1. Limited time only! Sign up for a free 30min personal tutor trial with Chegg Tutors
    Dismiss Notice
Dismiss Notice
Join Physics Forums Today!
The friendliest, high quality science and math community on the planet! Everyone who loves science is here!

Non-Euclidean area defined by three points on a sphere

  1. Jan 4, 2016 #1
    A sphere with radius "r" has three points on its surface, the points are A, B, and C and are labelled (xa, ya, za) and so on.

    What is the general formula to calculate the area on the surface of the sphere defined by these points?
     
  2. jcsd
  3. Jan 5, 2016 #2

    Samy_A

    User Avatar
    Science Advisor
    Homework Helper

    http://mathworld.wolfram.com/SphericalTriangle.html
     
    Last edited: Jan 5, 2016
  4. Jan 5, 2016 #3
    This is only applicable in the cases where the arcs between the points form parts of "great circles". I need an equation that is applicable to any three non-collinear points.
     
  5. Jan 5, 2016 #4

    WWGD

    User Avatar
    Science Advisor
    Gold Member

    Why not use the first fundamental form?
     
  6. Jan 5, 2016 #5
    Please do elaborate. What is the "first fundamental form"? To give you an idea, basic calculus and 3D-vectors is all I can do. (Of course it is also plausible that you are talking about something that I am capable of but have not heard of)
     
  7. Jan 5, 2016 #6

    WWGD

    User Avatar
    Science Advisor
    Gold Member

    It is ultimately advanced calculus, multivariable calculus, e.g.:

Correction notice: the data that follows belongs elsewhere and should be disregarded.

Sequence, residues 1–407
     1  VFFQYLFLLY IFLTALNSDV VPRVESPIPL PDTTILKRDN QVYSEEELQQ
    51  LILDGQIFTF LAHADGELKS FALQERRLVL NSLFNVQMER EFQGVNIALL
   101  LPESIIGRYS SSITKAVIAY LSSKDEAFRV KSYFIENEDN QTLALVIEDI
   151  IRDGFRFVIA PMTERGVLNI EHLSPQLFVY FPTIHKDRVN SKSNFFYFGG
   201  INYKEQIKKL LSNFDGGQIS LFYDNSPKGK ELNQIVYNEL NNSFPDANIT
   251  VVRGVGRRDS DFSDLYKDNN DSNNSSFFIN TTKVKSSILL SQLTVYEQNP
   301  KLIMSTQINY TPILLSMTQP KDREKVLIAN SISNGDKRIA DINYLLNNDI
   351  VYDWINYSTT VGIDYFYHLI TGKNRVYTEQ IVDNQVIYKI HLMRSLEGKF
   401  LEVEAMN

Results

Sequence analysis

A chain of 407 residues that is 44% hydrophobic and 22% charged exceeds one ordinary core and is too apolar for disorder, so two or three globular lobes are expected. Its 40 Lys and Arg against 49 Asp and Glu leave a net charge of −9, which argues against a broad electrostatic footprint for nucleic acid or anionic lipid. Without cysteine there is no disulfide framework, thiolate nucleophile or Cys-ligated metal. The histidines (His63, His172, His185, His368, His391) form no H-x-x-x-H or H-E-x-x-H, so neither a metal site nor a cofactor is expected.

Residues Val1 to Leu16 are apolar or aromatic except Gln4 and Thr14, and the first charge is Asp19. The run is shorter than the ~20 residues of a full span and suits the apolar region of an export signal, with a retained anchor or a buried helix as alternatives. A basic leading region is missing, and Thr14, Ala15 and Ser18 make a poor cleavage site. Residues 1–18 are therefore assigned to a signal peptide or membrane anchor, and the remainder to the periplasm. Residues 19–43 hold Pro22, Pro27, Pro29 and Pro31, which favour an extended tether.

https://en.wikipedia.org/wiki/First_fundamental_form

    Computations are more about parametrizations.

    EDIT: A worked example:
    http://math.ucr.edu/~res/math138A/firstform.pdf
     
  8. Jan 5, 2016 #7
  9. Jan 5, 2016 #8

    WWGD

    User Avatar
    Science Advisor
    Gold Member

    Only one I can think of at the moment, let me see if I can think of another one.
     
  10. Jan 5, 2016 #9

    micromass

    User Avatar
    Staff Emeritus
    Science Advisor
    Education Advisor
    2016 Award

    I don't get it: through any two points on a circle there is a great circle. I don't see how you would give three points that would give rise to a triangle without using great arcs.
     
  11. Jan 5, 2016 #10
    You are right. Sorry for making a fuzz over nothing, everyone.
     
  12. Jan 6, 2016 #11
    I think he means that it only applies for degenerate triangles.

    OP: ##A=R^2E## works for all spherical triangles. Look up Girard's Theorem for a proof
     
Know someone interested in this topic? Share this thread via Reddit, Google+, Twitter, or Facebook




Similar Discussions: Non-Euclidean area defined by three points on a sphere
  1. Non euclidean geometry (Replies: 1)

  2. Non-Euclidean triangle (Replies: 1)

  3. Area of sphere. (Replies: 8)

  4. Area on the sphere (Replies: 4)

Loading...